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Vice President Harris announces new policies at COP28, hoping to attract young voters


Vice President Harris is in Dubai today. She's there to represent the United States at the annual U.N. climate summit known as COP28. And while she's there, she's also meeting with world leaders to discuss the conflict in the Middle East. White House correspondent Deepa Shivaram is traveling with the vice president and joins us now from those climate talks in Dubai. Thanks for being with us, Deepa.


KHALID: So it is the vice president's first time at this climate summit, and she's making announcements on new investments from the United States. Can you fill us in? What are the specific pledges?

SHIVARAM: Yeah. So there's a couple of things the U.S. is rolling out while at this climate summit. And the big one that Harris announced is a $3 billion pledge to the Green Climate Fund. And that's a U.N. fund that helps developing nations deal with the effects of climate change. I will note, though, that this is a pledge and that any new funding would have to be approved by Congress, which, of course, is a pretty tall order.

KHALID: Indeed. And, Deepa, my understanding is this was not the only announcement the administration made at the COP summit today. What else did the Biden administration say?

SHIVARAM: Right. There's a lot going on at the summit. The EPA also announced new federal rules to curtail methane pollution from the oil and gas industries. There's an intent from the White House to show that they're trying to tackle the climate crisis on a lot of different fronts - by taking government actions, for one, but also by holding big corporations accountable. And there's also an acknowledgment that there's still more to do. Here's what the vice president said on the main stage today.


VICE PRESIDENT KAMALA HARRIS: Today, we are demonstrating through action how the world can and must meet this crisis. This is a pivotal moment. Our action collectively - or worse, our inaction - will impact billions of people for decades to come.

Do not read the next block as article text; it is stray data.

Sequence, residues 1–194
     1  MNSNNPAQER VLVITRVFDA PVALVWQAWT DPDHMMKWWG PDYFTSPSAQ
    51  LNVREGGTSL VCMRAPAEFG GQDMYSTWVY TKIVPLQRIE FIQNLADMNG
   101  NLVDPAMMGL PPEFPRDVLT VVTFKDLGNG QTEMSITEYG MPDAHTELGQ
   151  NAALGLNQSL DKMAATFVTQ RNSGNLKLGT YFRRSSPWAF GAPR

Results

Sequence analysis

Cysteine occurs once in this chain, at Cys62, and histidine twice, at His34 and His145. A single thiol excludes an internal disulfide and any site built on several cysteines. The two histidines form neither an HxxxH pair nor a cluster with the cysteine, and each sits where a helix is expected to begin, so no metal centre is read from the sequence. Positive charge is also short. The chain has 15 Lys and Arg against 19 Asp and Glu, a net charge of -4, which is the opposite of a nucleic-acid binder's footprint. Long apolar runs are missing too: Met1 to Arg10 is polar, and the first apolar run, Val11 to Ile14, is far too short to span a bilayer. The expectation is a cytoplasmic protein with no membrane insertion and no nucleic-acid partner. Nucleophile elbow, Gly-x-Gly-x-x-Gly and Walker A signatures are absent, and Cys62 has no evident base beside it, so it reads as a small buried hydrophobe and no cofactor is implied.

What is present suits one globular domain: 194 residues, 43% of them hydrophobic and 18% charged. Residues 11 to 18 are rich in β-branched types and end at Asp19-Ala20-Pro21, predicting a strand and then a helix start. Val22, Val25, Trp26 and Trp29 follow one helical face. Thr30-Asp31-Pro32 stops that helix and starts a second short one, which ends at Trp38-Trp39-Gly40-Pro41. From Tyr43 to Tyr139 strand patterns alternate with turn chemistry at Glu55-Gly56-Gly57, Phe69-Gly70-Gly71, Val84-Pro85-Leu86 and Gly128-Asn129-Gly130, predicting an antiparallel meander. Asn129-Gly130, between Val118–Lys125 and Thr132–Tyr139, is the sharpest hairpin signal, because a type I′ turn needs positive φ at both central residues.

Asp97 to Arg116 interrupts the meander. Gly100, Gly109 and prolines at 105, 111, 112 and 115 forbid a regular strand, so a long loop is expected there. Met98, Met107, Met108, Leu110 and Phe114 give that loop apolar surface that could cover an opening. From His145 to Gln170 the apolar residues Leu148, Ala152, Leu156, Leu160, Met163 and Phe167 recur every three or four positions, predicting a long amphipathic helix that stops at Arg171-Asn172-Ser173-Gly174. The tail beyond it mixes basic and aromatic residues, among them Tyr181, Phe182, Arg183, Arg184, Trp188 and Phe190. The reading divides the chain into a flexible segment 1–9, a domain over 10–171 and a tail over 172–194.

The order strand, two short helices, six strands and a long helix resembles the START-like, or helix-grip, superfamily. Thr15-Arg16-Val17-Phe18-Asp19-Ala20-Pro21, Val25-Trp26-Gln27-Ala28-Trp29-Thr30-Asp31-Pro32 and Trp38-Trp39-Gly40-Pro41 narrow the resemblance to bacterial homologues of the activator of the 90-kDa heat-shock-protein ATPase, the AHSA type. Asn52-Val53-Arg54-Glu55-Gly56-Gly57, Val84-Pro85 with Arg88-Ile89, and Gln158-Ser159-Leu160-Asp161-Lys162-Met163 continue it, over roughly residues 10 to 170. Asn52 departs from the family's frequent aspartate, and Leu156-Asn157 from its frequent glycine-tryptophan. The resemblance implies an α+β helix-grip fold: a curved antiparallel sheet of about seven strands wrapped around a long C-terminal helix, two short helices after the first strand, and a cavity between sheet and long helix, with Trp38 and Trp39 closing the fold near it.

KHALID: So, Deepa, turning back to the political environment here in the United States, climate is a major...


KHALID: ...Issue for many young voters, and they have not been particularly impressed with the Biden administration's action, or inaction, to date. How do these politics come into play for the vice president while she's in Dubai?

SHIVARAM: Yeah. I mean, it's very top of mind for the vice president while she's here in Dubai at COP28. A White House official told me that the criticism from younger voters and the younger generation, you know, coming at this administration actually can be helpful because it helps pressure and push for the government to make more progress. Harris has been trying to energize younger voters around the country because they're a really critical base for Democrats going into 2024. And it's not just climate policy they're unhappy about right now. It's also the way the administration has responded to the Israel-Hamas conflict.

KHALID: So I want to ask you a little bit more about that conflict. The vice president is also having meetings today with regional leaders about that conflict between Israel and Hamas and the fighting in Gaza. Who is she talking to, and what are they hoping to achieve?

SHIVARAM: She's meeting with Egyptian President Sisi, and she's meeting with Jordan's King Abdullah and UAE President Mohammed bin Zayed, who is, of course, hosting this climate summit here in Dubai. These meetings are all coming after Israel has resumed attacks on Gaza after that pause in the war. And the White House says Harris is looking to restore the pause. But she's also focused on what happens next in Gaza after the fighting ends.

KHALID: That's NPR White House correspondent Deepa Shivaram. Thanks so much, Deepa.

SHIVARAM: Thank you.

(SOUNDBITE OF MUSIC) Transcript provided by NPR, Copyright NPR.

NPR transcripts are created on a rush deadline by an NPR contractor. This text may not be in its final form and may be updated or revised in the future. Accuracy and availability may vary. The authoritative record of NPR’s programming is the audio record.

Asma Khalid is a White House correspondent for NPR. She also co-hosts The NPR Politics Podcast.
Deepa Shivaram is a multi-platform political reporter on NPR's Washington Desk.